BY Abelino Ruiz
I have never been one to crack under peer pressure. I am a very independent person and am completely capable of making my own decisions in life. I had no intention of putting myself in the spotlight for a week. It wasn’t me who signed up, it was the people. It was not my idea to run for Homecoming King, but it was the idea of teachers, students, and Start staff that encouraged me to enter the race.
Mrs. K. Is the advisor for Start High School’s student council. When she informed me that we only had four boys running for King, I told her to just let the four boys battle it out. But we needed 5 to pair up with the five girls. So I asked her what she wanted me to do. She looked at me with a smile on her face that I vividly remember to this day and she said, “Run.” I laughed, but she was serious. There were a vast majority of people who followed suit with Mrs. K. and encouraged me to run. This sparked a chain of events that I would have otherwise not been involved in.
I thrive on competition. For me, it’s a game, and I play it well. The first round of voting was going to take place tomorrow and I had no form of advertising anywhere. Nobody knew I was running for Homecoming King, so I had to do something fast. I began brainstorming, amd developed a three-step strategy to win. Step 1: Fifteen 11×17 posters with my face and name on them placed at strategic locations throughout the school. People assumed I spent hundreds of dollars on printing, but the truth is: my grandfather owns a print shop. Then I ran into another problem. What exactly was I going to put on those posters? Instagram selfies would not suffice. I didn’t want to get to extravagant with my pictures. I wanted to keep things black and white. And that’s exactly what I did. I drove up Sylvania Avenue and looked for a brick wall to give my picture a retro vibe. After various failed attempts at capturing that perfect picture with crappy walls, I found a perfect backdrop. It was a brick wall with a battered wooden bench and a little wooden boardwalk running along the base. All the retro I was looking for in one place. I grabbed a few poses in my perfect setting and was on my way to the print shop to begin the design. Every little detail had a reason. I wanted my name in a fierce red so it would pop on the black and white picture. We printed 5 copies of three different poses and the next day, they were hung. Phase one: complete. Now all I had to was wait for top five.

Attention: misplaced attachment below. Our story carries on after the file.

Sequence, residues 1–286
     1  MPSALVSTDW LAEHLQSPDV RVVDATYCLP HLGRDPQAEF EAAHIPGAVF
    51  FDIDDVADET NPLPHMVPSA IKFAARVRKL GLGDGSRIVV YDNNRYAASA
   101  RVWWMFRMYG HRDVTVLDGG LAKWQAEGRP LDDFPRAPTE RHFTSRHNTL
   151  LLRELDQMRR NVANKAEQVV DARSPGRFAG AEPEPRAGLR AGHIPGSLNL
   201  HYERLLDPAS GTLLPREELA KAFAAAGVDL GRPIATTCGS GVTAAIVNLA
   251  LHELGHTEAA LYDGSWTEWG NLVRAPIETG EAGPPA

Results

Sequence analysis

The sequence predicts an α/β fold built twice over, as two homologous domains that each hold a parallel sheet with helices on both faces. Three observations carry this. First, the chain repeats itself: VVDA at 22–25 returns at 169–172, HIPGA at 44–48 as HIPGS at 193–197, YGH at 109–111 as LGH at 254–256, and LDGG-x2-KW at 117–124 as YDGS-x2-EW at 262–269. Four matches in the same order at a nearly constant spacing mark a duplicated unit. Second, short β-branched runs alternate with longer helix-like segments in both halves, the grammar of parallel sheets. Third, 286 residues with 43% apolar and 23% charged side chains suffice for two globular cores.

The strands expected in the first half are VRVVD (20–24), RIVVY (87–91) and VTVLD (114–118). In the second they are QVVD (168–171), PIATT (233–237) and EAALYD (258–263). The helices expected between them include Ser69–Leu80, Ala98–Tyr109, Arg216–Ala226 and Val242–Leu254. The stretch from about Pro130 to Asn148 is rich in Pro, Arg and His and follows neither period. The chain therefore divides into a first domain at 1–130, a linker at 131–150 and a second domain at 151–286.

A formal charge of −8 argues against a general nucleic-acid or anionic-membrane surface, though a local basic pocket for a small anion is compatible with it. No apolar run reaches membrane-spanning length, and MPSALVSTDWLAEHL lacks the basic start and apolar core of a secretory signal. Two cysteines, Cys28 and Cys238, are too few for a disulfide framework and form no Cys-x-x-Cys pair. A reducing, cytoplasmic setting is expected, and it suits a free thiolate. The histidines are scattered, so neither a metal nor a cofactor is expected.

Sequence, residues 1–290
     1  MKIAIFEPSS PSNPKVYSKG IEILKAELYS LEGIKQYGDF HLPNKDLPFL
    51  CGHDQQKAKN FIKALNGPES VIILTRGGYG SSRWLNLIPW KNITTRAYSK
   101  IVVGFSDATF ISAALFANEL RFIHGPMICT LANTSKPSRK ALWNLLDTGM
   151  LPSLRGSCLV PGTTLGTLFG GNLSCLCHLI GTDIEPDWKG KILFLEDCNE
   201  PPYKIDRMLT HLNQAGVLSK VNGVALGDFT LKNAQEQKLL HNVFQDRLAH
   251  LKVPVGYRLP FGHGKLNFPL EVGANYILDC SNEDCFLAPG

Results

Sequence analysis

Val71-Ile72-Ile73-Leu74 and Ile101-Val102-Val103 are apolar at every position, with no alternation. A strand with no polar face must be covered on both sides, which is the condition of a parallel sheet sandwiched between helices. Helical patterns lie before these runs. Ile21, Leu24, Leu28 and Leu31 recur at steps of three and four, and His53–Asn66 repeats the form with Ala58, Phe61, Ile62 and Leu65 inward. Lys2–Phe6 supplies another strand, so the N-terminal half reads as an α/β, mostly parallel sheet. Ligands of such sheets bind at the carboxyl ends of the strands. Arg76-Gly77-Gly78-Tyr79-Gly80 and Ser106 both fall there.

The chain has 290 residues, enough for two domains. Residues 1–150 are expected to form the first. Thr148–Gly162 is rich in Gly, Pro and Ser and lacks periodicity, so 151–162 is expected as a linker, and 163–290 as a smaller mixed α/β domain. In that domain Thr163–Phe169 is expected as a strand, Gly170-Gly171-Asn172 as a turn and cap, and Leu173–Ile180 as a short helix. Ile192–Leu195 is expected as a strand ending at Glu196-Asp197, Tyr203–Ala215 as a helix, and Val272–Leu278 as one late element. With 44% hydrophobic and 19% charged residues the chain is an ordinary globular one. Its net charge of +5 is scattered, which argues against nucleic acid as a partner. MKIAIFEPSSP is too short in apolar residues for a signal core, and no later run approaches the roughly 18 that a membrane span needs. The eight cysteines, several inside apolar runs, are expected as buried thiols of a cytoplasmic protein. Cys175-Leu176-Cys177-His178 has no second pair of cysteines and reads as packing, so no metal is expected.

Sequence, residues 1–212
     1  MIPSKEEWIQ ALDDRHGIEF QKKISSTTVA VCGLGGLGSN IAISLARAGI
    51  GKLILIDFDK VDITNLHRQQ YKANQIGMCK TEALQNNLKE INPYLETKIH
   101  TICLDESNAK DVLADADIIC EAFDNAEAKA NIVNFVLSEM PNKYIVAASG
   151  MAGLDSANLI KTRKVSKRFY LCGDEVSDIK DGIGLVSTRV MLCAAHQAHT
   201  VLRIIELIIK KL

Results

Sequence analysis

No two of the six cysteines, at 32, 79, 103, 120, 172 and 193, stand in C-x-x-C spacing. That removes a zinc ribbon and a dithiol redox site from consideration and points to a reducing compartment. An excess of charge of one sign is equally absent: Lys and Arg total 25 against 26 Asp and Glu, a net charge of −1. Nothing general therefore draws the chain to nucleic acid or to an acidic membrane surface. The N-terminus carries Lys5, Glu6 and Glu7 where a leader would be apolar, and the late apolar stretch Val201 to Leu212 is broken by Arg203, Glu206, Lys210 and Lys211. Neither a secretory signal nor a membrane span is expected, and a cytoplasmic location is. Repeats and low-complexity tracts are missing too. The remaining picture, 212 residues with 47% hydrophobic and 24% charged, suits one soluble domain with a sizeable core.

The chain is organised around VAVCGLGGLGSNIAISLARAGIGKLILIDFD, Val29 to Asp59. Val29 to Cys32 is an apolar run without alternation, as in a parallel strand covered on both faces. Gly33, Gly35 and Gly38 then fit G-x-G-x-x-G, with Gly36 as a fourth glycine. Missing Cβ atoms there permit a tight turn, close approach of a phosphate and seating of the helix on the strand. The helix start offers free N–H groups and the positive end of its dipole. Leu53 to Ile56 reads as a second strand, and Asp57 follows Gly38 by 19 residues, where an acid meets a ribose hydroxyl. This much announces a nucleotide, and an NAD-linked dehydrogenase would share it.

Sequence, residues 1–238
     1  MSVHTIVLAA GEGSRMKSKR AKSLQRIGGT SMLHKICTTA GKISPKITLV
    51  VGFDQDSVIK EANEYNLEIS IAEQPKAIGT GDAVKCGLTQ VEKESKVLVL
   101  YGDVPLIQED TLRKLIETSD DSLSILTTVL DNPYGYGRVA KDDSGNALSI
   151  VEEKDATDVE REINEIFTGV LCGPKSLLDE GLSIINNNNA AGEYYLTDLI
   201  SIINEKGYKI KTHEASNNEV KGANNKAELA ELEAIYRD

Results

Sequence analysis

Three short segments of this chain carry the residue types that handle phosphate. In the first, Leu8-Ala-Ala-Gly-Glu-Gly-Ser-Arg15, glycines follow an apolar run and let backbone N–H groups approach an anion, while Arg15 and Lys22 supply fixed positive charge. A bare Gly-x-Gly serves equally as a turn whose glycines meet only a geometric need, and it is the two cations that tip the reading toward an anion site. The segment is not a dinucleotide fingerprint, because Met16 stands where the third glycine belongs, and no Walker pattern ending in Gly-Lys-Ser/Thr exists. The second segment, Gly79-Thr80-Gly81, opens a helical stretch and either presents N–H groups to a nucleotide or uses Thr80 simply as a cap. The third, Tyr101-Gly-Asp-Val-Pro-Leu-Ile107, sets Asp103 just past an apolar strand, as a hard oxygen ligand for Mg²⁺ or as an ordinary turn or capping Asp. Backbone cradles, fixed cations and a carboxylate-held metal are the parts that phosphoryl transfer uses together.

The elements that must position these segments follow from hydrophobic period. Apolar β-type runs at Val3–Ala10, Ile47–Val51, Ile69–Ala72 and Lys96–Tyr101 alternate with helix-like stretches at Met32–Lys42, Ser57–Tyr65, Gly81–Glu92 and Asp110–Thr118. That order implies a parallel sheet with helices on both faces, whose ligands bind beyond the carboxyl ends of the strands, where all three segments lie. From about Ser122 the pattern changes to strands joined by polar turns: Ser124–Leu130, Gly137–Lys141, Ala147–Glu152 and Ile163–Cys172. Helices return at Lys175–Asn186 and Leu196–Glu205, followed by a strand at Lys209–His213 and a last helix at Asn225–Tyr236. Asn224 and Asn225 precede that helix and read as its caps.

The results were in after Friday, September 18th. We had to wait until Tuesday at the Royal Assembly for the results. They say patience is a virtue, but it isn’t my mine. I decided to take a gamble and bank on the fact that I made top five. That weekend, without knowing for sure if I made it, I put step two into action: covering the second floor with my flyers. Every other locker was hit with my name and face. By Tuesday morning, everybody knew who I was. I privately asked Ms. Ros, the CPO if she would escort me. She said yes of course. I told her that I planned to wear red and black to stick with my theme. Every detail had a reason. I asked if she had some red heels. Her response: “AJ I got every color heel you name!” So it was. Ros and I walked out on Tuesday with smiles from ear to ear, as I waved and made myself known once more. Top five was read and I was in.